After an evening of superb food, great company and sleeping under the stars in the riverbed in my swag, albiet with plenty of merino wool to keep me warm and not overthinking how close those dingo howls were it was time for Day Two of my Larapinta Trail experience
The full 223km of the Larapinta Trail spans between the Old Telegraph Station and Mt Sonder. Day 2 took us to the Ormiston Gorge to trek the Ormiston Pound circuit. Regarded as one of the best walks of the Larapinta Trail it offers sensational views of the Chewings Range and Mount Giles. It can be a little challenging with some rock hopping and takes approximately four hours to complete. Setting off, the trail winds around scenic slopes, dropping into the Pound and returning along Ormiston Gorge via the main waterhole. We also took the detour to Ghost Gum Lookout.
Ormiston is also a sacred site for the Western Arrernte people. It’s name in Western Arrernte is Kwartatuma.
First port of call was the snack bar and there in the middle was my ideal weight maintenance nemesis – chocolate bullets. I wish I could say I stayed strong and resisted the temptation but I would be fibbing. You will be pleased to know I did also grab a couple of bananas.
We made it to the top of the Pound Walk savouring the beautiful weather
Our wonderful guide Clare pointed out all the highlights as far as the eye can see
There were plenty of opportunities for me to practice my rock hopping
I’ll bet this young lady regretted doing it in thongs. OMG
Clare leads the way to the Ghost Gum Lookout
Where the view was indeed outstanding – though I must admit I kept away from the overhanging edge
then the girls (sans Lynne) braved the chilly waters and took a dip or two
and at the end of the day I was smiling from ear to ear with a very sunburnt nose tip
Bring on Day 3
Joy is what makes life beautiful. It’s what gets us through challenges and allows light in to illuminate the shadows. Joy heals our wounds, inspires us to greatness, and fills our souls with goodness.
I signed up for the Inner Compass 4 Day Larapinta Trail Trek to help put the joy back in my life. And you know what my ‘Get out in Nature’ with some inspiring people beyond the agriculture sector may just be the smartest thing I have done in recent times.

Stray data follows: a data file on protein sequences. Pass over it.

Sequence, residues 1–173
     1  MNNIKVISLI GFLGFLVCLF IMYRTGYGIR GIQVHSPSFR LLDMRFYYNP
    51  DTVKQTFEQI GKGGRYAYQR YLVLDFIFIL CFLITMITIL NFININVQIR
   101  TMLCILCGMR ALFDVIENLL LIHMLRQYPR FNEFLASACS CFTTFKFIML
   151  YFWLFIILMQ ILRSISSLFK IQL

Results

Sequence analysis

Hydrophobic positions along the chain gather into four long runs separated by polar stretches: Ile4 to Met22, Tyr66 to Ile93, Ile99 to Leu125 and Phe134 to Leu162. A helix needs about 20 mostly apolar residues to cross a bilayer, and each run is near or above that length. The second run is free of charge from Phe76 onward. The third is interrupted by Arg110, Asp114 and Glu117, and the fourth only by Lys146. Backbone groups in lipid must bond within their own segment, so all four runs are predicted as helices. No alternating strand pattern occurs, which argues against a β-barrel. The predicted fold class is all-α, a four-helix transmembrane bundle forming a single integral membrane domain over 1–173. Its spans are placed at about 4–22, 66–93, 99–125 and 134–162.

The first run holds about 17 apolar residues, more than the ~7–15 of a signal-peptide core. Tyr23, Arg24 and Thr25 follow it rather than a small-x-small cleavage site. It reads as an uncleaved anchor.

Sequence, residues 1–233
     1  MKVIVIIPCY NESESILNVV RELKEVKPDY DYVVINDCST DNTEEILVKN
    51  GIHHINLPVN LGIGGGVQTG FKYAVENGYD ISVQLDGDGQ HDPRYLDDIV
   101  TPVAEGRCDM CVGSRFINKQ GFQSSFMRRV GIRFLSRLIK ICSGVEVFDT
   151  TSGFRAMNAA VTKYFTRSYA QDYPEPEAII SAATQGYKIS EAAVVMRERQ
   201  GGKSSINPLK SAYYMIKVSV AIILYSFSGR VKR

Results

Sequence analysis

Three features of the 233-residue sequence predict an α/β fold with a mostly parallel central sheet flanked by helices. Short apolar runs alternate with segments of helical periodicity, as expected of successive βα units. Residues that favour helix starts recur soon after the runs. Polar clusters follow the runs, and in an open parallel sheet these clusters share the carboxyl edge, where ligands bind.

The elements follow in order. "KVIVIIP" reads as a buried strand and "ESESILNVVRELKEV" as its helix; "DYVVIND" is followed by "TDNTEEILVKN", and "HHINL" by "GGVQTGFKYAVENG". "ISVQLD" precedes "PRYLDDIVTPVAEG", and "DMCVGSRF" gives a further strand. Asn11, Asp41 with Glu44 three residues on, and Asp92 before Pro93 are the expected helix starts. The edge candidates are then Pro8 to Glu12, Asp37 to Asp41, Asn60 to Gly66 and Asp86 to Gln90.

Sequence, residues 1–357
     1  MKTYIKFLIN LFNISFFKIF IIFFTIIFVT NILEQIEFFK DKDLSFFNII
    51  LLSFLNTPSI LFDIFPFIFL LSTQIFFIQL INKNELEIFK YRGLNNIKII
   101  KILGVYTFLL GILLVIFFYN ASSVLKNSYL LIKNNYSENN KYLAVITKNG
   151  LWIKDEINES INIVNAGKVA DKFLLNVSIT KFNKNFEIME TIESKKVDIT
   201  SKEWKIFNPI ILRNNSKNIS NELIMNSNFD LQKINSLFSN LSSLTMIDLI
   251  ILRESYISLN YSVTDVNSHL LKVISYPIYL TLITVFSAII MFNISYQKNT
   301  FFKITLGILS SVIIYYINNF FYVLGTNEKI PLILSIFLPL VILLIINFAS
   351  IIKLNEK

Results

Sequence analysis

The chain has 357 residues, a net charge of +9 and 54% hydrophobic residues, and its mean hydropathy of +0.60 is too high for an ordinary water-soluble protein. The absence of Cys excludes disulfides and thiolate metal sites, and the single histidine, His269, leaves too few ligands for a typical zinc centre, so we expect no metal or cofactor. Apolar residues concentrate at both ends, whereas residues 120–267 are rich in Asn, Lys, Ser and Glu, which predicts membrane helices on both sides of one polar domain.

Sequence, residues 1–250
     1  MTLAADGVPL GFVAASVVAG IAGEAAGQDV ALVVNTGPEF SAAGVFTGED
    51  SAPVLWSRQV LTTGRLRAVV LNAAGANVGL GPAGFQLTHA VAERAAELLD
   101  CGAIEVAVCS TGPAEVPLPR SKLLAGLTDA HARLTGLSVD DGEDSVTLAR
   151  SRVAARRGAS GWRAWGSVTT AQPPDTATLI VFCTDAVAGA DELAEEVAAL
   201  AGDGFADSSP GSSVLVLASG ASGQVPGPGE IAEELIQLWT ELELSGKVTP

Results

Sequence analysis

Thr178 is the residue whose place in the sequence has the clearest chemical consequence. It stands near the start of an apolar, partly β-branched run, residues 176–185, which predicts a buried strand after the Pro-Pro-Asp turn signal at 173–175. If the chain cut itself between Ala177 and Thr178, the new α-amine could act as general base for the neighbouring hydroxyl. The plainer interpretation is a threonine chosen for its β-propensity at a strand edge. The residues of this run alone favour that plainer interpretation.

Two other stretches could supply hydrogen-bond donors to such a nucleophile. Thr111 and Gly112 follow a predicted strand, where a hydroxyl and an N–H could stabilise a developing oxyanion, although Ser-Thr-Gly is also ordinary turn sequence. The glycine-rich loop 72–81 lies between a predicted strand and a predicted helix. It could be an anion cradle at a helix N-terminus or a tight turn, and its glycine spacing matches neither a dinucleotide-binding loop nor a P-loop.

Our little group of six got to see the views most tourists don’t even know exist. Trek Larapinta ( what an awesome customer service business they are) has built relationships with the traditional land owners who generously provide non-indigenous Australians ( and overseas visitors) with genuine cultural awareness experiences and access to some very special places.
Meet Trek Larapinta Guide and Aboriginal woman Deanella Mack. Dee took us into her world through her storylines and humour that made her people and their culture so real to me. You can find out more about Dee and her business Cultural Connections here
Dee sees that a system that has failed Aboriginal people in Central Australia for generations has also failed non-Indigenous people in how they learn about or appreciate Aboriginal cultures, histories and concepts.
She believes cultural misunderstandings, often come with the best intentions and as being “like when you’re driving a car and you feel something’s wrong but you don’t know how to fix it. Others may not even think anything’s wrong.” Those that have had the most positive experiences in her sessions and went on to positively impact communities later were “open-minded and had the willingness to receive new info that may not sit well with their current beliefs and experiences”. Source
Dee welcomes us to country
Dee shares with us the making of hunting spear
With that new appreciation of the landscape our group became earnest learners listening and looking with new eyes
Amongst many other things we learnt to recognise the male and female cycad and the seed
Standley Chasm is a very beautiful place
You can see what the tourists see
Or you can follow Section 3 of the Larapinta Trail and go where the hikers go
If you go with Trek Larapinta you see and do and feel even more
Its one thing to see the beauty of Standley Chasm from the front but when you get the opportunity to come in the back door its an experience you will treasure for ever
Lynne was a very happy camper
“These days the knowledge around cross-cultural awareness is at your finger tips, so ignorance is no longer an excuse.” Dee Mack